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At this squared up point the upper body rotational speed is maximum and will tend to decrease afterward. With  Max  in full ER the pure arm speed is still zero. So, the upper body is rotating quickly and the arm isn’t helping yet. When maximum hand speed is achieved due to the arm coming out of ER, the upper body rotational speed will have reduced. If the throwing elbow is even or slightly above the throwing shoulder (as in this case with Max) when full ER occurs, there should be minimal risk of injury. However, maximum velocity will not be developed.
For Max, the difference in timing associated with late ER and a desired early ER can be as much as 6-7 mph. When his timing is really good he can throw about 97-98 mph. When he is late with ER he typically is in the 91-93 mph range. Max gets guys out extremely well at 91-93 but can have “electric” stuff at 97-98. The thing to realize is that it’s a very subtle timing difference that causes the difference in velocity.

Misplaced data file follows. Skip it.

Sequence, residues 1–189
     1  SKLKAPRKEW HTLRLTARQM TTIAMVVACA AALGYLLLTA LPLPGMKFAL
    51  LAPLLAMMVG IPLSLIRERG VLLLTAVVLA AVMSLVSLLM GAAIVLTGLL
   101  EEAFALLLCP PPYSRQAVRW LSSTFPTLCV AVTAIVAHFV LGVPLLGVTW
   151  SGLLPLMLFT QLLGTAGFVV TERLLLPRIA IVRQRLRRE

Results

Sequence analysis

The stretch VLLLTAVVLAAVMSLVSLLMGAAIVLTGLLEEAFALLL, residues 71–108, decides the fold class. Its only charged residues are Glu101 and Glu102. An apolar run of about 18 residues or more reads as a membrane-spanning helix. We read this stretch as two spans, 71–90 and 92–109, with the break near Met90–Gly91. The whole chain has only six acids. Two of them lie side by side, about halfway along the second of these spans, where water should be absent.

Max can develop some additional arm speed by rapidly driving his shoulder through release, but the result is typically less than his maximum velocity. A pitcher’s upper body rotational velocity can exceed his linear shoulder velocity.
Early External Rotation (Elbow First)
The issue of early ER, and specifically a throwing motion that is “elbow first” rather than ball first, is the real crux of  how this website differs from what is most commonly taught to pitchers today. Paul and I understand that the “elbow first” throwing technique (“touch the thigh, reach for the sky”) is both easier to learn and can generate high velocity. We teach the “ball first” method because we feel that it is much safer on the shoulder and elbow. Our goal is to develop a set of throwing mechanics that allow pitchers to maintain themselves injury free for a long period of time while also creating high velocity.